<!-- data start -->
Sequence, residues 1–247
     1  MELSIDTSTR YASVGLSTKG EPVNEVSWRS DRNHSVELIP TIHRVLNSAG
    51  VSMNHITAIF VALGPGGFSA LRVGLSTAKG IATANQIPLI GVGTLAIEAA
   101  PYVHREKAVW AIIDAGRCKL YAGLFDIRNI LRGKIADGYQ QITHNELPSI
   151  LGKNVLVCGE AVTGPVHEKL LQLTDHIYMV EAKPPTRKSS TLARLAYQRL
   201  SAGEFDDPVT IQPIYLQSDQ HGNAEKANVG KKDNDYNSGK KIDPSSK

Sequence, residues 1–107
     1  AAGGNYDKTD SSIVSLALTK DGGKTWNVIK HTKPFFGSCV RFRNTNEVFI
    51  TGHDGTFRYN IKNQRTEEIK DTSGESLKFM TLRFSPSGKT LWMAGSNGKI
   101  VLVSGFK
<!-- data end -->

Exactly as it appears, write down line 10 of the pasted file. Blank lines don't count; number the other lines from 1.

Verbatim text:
   101  VLVSGFK